Citi is divesting from underperforming markets to focus onwealth management and institutional and corporate banking.
National Australia Bank has agreed to buy Citi’s Australian consumer banking unit for $900 million, becoming the first sale in Citi’s retail exit from 13 markets across Asia Pacific, Central and Eastern Europe and the Middle East.
In April, Citi CEO Jane Fraser announced the closure of consumer banking units so that the bank could focus on wealth management and institutional services, being served from hubs in Singapore, Hong Kong, the United Arab Emirates and London.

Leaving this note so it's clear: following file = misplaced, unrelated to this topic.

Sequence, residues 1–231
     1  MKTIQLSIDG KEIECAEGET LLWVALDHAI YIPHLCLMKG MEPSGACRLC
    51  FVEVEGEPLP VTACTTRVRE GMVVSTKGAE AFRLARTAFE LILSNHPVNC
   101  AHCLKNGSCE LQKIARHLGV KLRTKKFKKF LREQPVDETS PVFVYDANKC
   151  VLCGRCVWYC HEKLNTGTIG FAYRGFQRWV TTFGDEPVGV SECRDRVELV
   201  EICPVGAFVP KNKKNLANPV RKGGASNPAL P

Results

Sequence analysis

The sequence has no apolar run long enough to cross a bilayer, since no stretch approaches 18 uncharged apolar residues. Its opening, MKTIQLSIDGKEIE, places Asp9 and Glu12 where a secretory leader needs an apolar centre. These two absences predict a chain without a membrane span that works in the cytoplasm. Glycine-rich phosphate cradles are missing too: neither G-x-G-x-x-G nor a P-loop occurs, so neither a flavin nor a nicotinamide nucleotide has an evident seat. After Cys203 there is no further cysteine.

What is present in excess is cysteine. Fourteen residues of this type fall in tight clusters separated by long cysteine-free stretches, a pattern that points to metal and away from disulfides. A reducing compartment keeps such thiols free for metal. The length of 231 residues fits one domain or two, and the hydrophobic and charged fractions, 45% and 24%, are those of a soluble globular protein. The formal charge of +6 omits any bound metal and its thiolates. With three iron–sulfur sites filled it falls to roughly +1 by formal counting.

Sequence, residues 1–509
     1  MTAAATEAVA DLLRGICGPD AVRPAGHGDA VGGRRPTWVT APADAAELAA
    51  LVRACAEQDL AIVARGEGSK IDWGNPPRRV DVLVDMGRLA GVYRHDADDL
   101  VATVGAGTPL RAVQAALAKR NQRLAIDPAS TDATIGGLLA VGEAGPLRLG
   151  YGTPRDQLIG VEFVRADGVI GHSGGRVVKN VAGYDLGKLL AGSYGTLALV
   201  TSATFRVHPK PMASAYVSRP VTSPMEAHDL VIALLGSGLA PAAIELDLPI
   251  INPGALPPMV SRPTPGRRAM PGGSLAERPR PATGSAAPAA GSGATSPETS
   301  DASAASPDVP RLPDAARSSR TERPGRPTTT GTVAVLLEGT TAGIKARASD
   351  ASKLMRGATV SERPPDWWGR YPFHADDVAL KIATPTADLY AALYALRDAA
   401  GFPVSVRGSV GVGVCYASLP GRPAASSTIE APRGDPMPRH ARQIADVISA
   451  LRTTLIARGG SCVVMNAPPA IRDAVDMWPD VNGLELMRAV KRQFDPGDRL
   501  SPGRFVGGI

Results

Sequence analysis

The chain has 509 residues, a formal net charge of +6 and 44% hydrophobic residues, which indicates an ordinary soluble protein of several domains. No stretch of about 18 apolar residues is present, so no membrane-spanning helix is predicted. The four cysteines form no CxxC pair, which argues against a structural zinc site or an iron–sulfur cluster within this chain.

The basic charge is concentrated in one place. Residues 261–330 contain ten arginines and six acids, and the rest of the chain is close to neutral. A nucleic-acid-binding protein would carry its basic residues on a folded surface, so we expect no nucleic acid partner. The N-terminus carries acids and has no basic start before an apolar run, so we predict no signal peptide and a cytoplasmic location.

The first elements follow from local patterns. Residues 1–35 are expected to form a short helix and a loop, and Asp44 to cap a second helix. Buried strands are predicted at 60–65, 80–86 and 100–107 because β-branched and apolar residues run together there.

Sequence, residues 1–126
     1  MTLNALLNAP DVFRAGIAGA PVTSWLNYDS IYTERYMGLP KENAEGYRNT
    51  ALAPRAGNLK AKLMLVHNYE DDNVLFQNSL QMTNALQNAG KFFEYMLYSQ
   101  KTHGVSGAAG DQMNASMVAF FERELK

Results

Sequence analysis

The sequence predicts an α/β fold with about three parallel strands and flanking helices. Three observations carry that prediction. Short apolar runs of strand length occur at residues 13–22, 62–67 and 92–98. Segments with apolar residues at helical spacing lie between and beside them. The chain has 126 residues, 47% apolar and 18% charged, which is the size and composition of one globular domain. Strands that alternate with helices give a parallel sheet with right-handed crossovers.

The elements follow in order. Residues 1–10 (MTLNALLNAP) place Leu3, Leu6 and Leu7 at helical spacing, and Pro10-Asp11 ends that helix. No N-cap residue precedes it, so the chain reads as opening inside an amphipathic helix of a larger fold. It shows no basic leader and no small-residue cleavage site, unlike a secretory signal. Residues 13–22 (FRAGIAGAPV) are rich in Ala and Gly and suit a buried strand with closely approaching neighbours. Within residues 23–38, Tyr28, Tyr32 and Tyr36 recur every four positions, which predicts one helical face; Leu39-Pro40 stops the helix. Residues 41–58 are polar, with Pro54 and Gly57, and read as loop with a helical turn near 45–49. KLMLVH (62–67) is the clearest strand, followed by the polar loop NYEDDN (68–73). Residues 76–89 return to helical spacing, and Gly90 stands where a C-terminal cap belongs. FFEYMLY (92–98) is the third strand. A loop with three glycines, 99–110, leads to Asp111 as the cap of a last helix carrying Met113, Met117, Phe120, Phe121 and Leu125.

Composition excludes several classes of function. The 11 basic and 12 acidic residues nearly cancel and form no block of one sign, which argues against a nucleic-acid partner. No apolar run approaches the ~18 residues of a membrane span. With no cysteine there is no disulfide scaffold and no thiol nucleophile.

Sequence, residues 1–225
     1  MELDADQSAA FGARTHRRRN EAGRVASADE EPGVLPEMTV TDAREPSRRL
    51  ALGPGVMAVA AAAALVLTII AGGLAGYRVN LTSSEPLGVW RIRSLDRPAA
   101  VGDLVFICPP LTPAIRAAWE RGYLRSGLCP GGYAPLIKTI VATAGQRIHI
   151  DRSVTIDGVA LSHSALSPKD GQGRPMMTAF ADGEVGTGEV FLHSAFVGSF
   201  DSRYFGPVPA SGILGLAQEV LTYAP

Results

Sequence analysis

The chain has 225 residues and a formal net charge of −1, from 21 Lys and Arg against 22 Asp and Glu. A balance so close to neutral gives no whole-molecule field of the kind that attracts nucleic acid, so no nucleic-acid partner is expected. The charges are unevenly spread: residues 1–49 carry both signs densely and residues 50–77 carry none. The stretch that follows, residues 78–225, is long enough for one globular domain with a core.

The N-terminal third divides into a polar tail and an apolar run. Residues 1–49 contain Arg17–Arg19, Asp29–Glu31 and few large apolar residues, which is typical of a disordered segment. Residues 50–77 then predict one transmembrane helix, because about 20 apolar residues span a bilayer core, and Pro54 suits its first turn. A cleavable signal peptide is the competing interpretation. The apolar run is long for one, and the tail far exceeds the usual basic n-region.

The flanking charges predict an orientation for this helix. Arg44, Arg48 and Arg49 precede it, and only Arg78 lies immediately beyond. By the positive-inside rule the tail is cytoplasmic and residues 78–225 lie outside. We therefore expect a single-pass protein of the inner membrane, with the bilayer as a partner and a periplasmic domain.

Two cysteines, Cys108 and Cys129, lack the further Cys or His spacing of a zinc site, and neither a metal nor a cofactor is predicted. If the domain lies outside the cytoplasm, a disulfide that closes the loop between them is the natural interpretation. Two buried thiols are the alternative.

Global banks continue to face increasingly sophisticated local competition, says Carlton Hopper, managing director for the UK at GFT, an IT provider for the banking industry: “A global firm’s trading footprint—which products are sold in which markets—must be a key component of its strategy. The impact of regional regulatory requirements also plays a significant part, as these can vary significantly by territory and can either limit or enable digital banking.”
For Citi, this means divesting from underperforming markets to focus on areas that have the greatest scale and growth potential, namely: wealth management and institutional and corporate banking, noted Fraser.